Regardless of whether the subsidy payments are made, insurance companies are still on the hook to provide eligible Americans with the lower out-of-pocket plans that have been supported with the cost-sharing reductions payments. They just would no longer be paid for doing so, meaning they would lose a significant amount of money. The move would force insurers to decide whether to leave the ACA market (or even the individual market) entirely. As Trump told the Wall Street Journal, if neither he nor Congress approves the cost sharing payments, “that would mean that Obamacare doesn’t have enough money, so it dies immediately as opposed to over a period of time.”
So, basically, he thinks that by killing the ACA he can force Democrats to the negotiating table … where he intends to force them to repeal/replace the ACA.

Whatever could go wrong with this plan?

Not only is this strategy childish, it’s harmful to the health insurance industry, the economy, and to every American – not just those who are covered by the ACA. In fact, his refusal to pay the subsidies would increase premiums for consumers on and off the exchange by 15%. That sobering fact was laid out in letter urging Trump to make the payments – which was signed by the health insurance industry (BCBSA, America’s Health Insurance Plans, American Benefits Council), the medical lobby (the AMA and American Academy of Family Physicians), The Federation of American Hospitals and The Chamber of Commerce. (It was sent to both Congress and Trump).

And let’s be clear that once again his voting base is going to be the most impacted by this cockamamie idea. As described by the AARP in its letter begging the GOP not to vote for the ACHA, “cost sharing assistance has provided relief on out-of-pocket costs (like deductibles and certain benefits) for low- income individuals who are some of the most financially vulnerable marketplace participants.”

So, what can we do? Keep calling our lawmakers to let them know that we see what’s going on, and we aren’t going to be fooled. We’re going to hold Trump and the GOP accountable if they force the ACA under. You can also use social media to literally show them that you are paying attention – Families USA has some great pre-made tweets and Facebook posts for you.

Script: Hi, my name is ____ and I’m a constituent at ____. I have heard that Trump’s administration may refuse to pay cost-reduction subsidies that lower cost insurance for our most vulnerable. Apparently he thinks that failing to pay the insurance companies for the lower-cost insurance that the government requires them to provide is a good idea. I don’t. It’s going to increase premiums for all Americans, hurt the economy, and sabotage the ACA. I expect Senator/Representative _____ to support these payments to insurers. What is he/she doing to get Trump to make these payments?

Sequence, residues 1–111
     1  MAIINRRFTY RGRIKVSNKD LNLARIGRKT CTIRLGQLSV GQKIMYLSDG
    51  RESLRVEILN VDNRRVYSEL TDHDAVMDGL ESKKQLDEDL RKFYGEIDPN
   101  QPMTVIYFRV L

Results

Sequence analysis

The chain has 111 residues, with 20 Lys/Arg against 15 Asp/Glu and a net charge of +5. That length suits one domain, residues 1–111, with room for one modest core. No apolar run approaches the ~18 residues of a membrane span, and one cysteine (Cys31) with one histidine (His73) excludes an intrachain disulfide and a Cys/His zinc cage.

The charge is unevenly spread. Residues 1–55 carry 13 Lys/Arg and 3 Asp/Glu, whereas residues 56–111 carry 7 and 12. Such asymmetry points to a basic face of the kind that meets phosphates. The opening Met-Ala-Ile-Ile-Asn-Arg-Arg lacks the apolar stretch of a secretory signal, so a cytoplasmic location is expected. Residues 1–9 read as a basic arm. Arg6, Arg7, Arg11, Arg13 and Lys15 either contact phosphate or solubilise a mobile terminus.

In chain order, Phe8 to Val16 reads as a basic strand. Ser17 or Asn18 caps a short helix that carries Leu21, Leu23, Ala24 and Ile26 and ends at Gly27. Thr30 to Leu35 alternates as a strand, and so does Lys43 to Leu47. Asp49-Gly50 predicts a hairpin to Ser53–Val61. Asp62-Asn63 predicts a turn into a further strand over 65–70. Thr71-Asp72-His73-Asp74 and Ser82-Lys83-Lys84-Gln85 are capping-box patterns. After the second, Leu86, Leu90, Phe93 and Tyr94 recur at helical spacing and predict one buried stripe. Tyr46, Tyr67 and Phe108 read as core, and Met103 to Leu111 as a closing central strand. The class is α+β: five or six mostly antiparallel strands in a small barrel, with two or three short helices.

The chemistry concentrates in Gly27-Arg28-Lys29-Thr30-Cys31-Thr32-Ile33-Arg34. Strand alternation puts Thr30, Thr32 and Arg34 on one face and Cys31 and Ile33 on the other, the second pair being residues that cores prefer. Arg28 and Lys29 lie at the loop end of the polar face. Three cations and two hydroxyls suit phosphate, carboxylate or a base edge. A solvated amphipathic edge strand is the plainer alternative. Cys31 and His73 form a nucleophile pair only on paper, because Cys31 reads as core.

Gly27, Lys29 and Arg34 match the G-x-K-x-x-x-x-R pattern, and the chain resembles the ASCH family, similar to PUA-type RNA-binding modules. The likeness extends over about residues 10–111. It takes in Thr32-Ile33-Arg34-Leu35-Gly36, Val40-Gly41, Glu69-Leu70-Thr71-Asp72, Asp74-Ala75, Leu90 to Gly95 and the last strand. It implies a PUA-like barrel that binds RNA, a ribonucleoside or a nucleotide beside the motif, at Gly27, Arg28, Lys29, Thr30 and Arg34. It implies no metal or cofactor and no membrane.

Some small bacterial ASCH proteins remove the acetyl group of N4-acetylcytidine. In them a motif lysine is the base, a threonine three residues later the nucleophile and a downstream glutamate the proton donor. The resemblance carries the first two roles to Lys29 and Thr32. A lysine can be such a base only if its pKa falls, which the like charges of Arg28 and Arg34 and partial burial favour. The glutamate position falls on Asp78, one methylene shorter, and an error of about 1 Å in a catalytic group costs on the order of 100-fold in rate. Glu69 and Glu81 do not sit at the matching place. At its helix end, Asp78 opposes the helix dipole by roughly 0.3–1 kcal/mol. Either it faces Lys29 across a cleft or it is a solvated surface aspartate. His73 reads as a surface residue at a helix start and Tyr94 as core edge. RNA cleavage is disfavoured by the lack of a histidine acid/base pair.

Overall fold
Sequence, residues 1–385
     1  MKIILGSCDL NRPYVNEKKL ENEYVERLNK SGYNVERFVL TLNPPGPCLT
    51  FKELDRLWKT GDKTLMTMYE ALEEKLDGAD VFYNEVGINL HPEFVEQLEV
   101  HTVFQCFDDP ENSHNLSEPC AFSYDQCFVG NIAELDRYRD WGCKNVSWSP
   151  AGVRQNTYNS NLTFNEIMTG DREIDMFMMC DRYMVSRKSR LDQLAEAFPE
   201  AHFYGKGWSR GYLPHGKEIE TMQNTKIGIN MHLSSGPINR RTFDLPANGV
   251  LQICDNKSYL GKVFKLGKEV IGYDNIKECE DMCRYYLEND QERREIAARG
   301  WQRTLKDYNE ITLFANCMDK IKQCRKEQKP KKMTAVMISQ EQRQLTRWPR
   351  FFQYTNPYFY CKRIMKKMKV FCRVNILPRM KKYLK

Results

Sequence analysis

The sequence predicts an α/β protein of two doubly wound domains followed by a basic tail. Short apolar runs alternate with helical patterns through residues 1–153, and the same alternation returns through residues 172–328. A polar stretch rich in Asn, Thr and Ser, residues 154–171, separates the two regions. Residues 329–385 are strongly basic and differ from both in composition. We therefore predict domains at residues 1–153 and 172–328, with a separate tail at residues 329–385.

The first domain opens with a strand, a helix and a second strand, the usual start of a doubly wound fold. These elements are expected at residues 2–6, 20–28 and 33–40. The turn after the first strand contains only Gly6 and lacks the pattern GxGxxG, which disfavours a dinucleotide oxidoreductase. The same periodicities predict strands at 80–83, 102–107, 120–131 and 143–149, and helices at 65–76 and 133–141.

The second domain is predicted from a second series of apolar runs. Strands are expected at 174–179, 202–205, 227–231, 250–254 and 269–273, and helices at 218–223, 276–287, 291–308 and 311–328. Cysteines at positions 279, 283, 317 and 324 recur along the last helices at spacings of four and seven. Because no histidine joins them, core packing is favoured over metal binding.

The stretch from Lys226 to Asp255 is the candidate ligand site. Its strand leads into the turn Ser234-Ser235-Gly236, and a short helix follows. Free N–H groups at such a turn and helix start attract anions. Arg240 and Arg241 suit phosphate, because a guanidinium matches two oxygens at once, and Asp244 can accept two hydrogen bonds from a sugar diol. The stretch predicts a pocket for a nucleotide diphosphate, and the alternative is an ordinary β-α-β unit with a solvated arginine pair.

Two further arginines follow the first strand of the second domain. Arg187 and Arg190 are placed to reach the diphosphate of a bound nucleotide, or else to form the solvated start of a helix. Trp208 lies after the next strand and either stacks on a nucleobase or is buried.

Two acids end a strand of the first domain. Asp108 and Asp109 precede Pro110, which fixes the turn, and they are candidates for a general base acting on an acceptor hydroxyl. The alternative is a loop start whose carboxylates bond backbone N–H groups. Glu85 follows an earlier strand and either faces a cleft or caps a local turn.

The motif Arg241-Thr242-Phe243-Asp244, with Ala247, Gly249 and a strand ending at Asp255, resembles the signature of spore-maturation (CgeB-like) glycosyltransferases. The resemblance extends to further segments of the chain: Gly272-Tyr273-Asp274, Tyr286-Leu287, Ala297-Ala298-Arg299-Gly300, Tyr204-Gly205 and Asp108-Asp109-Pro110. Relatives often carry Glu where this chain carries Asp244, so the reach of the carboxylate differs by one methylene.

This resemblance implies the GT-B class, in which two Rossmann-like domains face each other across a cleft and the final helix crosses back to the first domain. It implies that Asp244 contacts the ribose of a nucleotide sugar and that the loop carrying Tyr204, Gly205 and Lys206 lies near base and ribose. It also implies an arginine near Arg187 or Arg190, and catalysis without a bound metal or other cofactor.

Friday: Plan Your Resistance Garden!

The EPA is under attack, global warming is freaking scientists out across the globe (psst: check that hyperlink now while you still can – it’s NASA’s .gov climate change site and its days are probably numbered), and the Cheeto in Chief is stuffing agencies with the fossil fuel lobby. What’s a resister to do?

Why, plant your own Resistance Garden, of course!

April is National Garden Month, after all – and Earth Day is on April 22. So celebrate by dusting off that spade and putting on those work boots. Soon enough you’ll be stuffing your face with homegrown tomatoes … while stiffing the industrial farming industry and the fossil fuel lobby. You and your seeds will be a coveted asset in the zombie apocalypse. And you’ll be decreasing your carbon footprint in the process. So it’s a win-win-win-win-win. (Are you sick of winning yet?)

The best way to plant a ridiculous amount of food in an itty-bitty space is square foot gardening. From personal experience, you can grow more food than your family can eat in just a 34 square foot space. You’ll have barely any weeding to do, because with spacing recommendations like 16 radishes per square foot (or 9 beets, 9 spinach plants, 16 carrots, or 9 peas…), there’s just no space for volunteers. Using a tool like GrowVeg makes the planning even easier – it adds the right amount of veggies per square foot for you. Take note that although the Square Foot Gardening pioneer/creator/guru Mel Barthlomew includes peat moss in his soil “recipe,” you should use something else. Peat is a nonrenewable resource – and harvesting it releases a lot of carbon while damaging ecosystems that are as fragile as rainforests. It’s also super expensive. Opt instead for a raised bed mix (often available at a local garden store or big box) that doesn’t use peat – or mix your own concoction of bagged garden soil and compost and a peat substitute like coconut husk.

If your outdoor space is small (like a deck) or nonexistent, you can still enjoy the utility and beauty of a garden. There are loads of articles and resources about container gardening and just how easy, economical, and fun it can be to grow anything from salad greens to cherry tomatoes in even the most light-deprived indoor spaces. I do love when style meets function. Behold these gorgeous indoor gardens – a feast for the eyes and the taste buds!

And hey – while you’re growing your own veggies, consider eating more of them (and less of Bessie the cow). Vegetarianism significantly cuts your dietary carbon footprint – one study showed that a vegetarian’s dietary carbon footprint was about 1/2 of a meat eater’s. Even if you can’t go full-on-veggie, one review suggested that just replacing beef with chicken cut 1/4 of dietary greenhouse gas emissions. Even if you can’t cut out your cold turkey totally cold turkey, just going veggie on the weekdays has a big impact, too.

 

Okay, everyone. Let’s get to work!